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The S P Setia story

S P Setia Bhd president and CEO Tan Sri Liew Kee Sin and deputy president and COO Datuk Voon Tin Yow have come a long way since they first met as colleagues in a development company in 1990.

"I left the bank to join a development company. I was at the bank for five years, did not do well there, so I joined one of my clients. My client was a developer, hardware trader and manufacturer. I met Voon there. He joined three months after I did and became the engineer of the project," recalls Liew.

Liew and Voon say while they had fun and were regular lunch mates, the company was not managed well and salaries were often delayed.

"So when this land [225 acres in Ampang via the acquisition of Syarikat Kemajuan Jerai Sdn Bhd] came about, I told Voon, 'Here also die, outside also [may] die, let's die outside.'"

And with those words, the two put up whatever cash they had and went to look for friendly bankers to finance their purchase of SKJ.

"To me, from day one, I believed in teamwork. We must be together. I am just a banker so I needed an engineer. I asked him [Voon] if he wanted to follow me and he said okay. He was, and still is, my first right-hand man. We started out in Taman Bukit Indah Ampang in 1990. We rented an office and I remember our first day. We had no furniture. He went back to his house and brought one table and four chairs from his kitchen. That's how we started," Liew says.

He was then 32 years old while Voon was 33.

Subsequently, the dynamic duo developed Pusat Bandar Puchong. In 1996, S P Setia acquired SKJ on a share swap basis and the two became directors and shareholders (with less than a 10% stake) of S P Setia Bhd.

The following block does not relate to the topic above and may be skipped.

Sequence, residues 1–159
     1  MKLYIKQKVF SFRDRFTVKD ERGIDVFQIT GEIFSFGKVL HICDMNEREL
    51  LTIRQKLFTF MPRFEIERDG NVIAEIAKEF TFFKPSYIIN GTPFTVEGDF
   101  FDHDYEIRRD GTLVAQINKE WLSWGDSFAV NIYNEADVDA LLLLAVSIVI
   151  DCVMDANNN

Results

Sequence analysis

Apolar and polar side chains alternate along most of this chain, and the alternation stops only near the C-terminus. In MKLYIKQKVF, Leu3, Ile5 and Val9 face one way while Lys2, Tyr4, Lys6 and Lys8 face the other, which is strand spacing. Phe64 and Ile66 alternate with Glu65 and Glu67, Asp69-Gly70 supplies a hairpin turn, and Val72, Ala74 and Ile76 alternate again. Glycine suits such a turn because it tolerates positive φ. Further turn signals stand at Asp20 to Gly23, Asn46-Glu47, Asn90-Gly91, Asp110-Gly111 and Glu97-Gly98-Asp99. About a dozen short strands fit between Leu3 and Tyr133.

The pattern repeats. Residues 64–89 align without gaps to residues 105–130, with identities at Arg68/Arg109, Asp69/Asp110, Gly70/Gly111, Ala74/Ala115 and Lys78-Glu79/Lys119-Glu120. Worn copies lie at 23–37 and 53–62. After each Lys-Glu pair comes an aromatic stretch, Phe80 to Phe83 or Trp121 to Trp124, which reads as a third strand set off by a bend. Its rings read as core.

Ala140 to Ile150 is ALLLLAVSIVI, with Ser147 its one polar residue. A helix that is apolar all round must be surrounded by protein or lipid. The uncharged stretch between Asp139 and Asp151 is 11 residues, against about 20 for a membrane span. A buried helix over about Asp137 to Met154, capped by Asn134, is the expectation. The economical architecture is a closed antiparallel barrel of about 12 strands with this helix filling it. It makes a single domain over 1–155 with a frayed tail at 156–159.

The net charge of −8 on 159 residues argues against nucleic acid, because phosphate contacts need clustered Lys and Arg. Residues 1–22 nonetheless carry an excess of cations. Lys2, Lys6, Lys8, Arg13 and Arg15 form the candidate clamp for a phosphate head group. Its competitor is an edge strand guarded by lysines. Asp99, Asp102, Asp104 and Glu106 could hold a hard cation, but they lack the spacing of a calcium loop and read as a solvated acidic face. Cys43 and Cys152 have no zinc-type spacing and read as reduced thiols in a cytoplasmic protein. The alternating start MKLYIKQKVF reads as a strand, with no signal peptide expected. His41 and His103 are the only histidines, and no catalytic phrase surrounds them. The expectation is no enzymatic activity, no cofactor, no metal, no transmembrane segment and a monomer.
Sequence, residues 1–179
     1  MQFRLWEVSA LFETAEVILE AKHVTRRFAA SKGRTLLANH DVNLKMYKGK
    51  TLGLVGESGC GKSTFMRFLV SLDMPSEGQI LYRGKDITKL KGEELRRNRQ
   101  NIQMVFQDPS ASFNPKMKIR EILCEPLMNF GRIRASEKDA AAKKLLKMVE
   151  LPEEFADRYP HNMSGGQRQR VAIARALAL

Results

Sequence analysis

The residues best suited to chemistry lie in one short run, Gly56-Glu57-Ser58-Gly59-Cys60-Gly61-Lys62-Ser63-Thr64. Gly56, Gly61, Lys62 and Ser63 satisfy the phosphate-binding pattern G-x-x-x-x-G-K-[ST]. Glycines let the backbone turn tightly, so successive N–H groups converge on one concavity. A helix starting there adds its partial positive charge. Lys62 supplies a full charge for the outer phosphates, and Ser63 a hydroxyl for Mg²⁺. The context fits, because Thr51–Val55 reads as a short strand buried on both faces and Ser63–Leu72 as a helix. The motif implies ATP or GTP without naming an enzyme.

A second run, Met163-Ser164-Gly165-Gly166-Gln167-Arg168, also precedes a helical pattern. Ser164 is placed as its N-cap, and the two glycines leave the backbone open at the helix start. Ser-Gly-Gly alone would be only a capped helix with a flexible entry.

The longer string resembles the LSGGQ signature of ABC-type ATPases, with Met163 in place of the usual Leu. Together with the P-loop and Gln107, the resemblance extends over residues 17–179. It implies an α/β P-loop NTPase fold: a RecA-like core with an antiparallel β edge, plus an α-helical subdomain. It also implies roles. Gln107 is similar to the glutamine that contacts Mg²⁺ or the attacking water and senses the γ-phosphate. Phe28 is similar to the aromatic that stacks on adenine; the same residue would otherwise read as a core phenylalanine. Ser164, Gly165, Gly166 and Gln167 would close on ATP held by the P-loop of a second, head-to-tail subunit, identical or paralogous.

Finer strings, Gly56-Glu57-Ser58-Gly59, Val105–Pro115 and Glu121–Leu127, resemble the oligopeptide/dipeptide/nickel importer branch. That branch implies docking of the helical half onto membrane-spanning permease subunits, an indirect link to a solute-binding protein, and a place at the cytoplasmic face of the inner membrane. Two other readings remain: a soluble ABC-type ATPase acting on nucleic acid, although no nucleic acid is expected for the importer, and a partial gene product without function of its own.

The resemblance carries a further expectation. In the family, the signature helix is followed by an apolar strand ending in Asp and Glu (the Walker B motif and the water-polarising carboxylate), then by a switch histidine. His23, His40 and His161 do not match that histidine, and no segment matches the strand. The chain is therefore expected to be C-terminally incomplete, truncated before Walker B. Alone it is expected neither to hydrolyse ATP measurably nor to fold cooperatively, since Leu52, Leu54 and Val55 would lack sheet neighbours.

They then invited Datuk Teow Leong Seng, the banker who helped finance their first acquisition in 1990, to join them.

Liew remembers the 1997/98 Asian financial crisis as one of the high moments of his journey: "When we first joined Setia in 1996, our market capitalisation was RM800 million. Then in 1997, our market cap dropped to RM197 million. But the company was doing well as we had RM300 million cash despite the drop in our market cap. Voon and his team revised all our layout plans for our Bukit Indah Johor project in Johor Baru.

"We downsized to single-storey houses [from double-storey] and therefore, the gross development value was also lowered. That year alone, by the end of 1998, we had sold RM500 million worth of properties. We were the only guys selling in the whole country and we concentrated on selling at that point in time to civil servants who can get loans come what may."

The developer acquired a 4,000-acre freehold former plantation, North Hummock Estate in Shah Alam, from the family that controlled See Hoy Chan Group in 2002. Of the 4,000 acres, about 605 acres were sold to the Selangor State Development Corporation (PKNS) while another 791 acres comprise the award-winning eco-themed Setia Eco Park. Setia Eco Park is a joint venture between S P Setia, Great Eastern Life Assurance (M) Bhd and the Employees Provident Fund. The rest of the tract makes up Setia Alam, S P Setia's award-winning and self-contained flagship township, which was first launched in 2004. To date, the developer has sold 12,000 homes in both Setia Alam and Setia Eco Park.

The first mall in the township – Setia City Mall – opened in June 2012. The mall, with a net lettable area of 740,000 sq ft, is situated in the 240-acre Setia City green commercial centre. Liew says the mall gets 80,000 visitors during the weekends.

The Setia City Convention Centre, or what Liew refers to as Setia's latest pride and joy, opened recently and the hall, which can accommodate up to 200 tables, has been booked up to March next year. "At first, people said there would not be demand for a convention centre here. We have taken bookings to only March 2014 as we have plans to extend Setia City Convention Centre then," he adds.

Offering an extensive product range that includes townships, eco sanctuaries, luxury residences, high-rises and integrated commercial developments, the developer has built a solid base in Malaysia. S P Setia was ranked No 1 in The Edge Malaysia Top Property Developers Awards for the seventh time in 2012.

The group ventured overseas in 2007 when Vietnam's top state-owned conglomerate, Becamex IDC Corp, chose it as a partner to develop the 558-acre EcoLakes in My Phuoc, located 30km from Ho Chi Minh City. Since then, S P Setia has ventured into Singapore, Australia and China.

Last September, the developer, via a joint venture with Sime Darby Property Bhd and the Employees Provident Fund, acquired the iconic landmark Battersea Power Station in London. The 40-acre site has a gross development value of £8 billion.